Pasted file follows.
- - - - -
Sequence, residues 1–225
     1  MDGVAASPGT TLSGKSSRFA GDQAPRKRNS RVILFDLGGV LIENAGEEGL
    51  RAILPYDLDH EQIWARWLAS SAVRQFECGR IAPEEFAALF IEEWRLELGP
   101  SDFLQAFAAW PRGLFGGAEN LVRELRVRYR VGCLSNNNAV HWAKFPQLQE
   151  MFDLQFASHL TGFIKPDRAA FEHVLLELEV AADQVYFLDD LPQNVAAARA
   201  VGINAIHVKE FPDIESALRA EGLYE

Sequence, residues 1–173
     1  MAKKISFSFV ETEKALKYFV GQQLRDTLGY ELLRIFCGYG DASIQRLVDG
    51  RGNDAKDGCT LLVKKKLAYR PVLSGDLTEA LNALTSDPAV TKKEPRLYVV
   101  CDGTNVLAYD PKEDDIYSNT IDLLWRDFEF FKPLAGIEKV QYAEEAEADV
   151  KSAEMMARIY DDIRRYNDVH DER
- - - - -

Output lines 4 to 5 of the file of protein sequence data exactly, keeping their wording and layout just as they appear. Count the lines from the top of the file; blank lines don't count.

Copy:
   101  SDFLQAFAAW PRGLFGGAEN LVRELRVRYR VGCLSNNNAV HWAKFPQLQE
   151  MFDLQFASHL TGFIKPDRAA FEHVLLELEV AADQVYFLDD LPQNVAAARA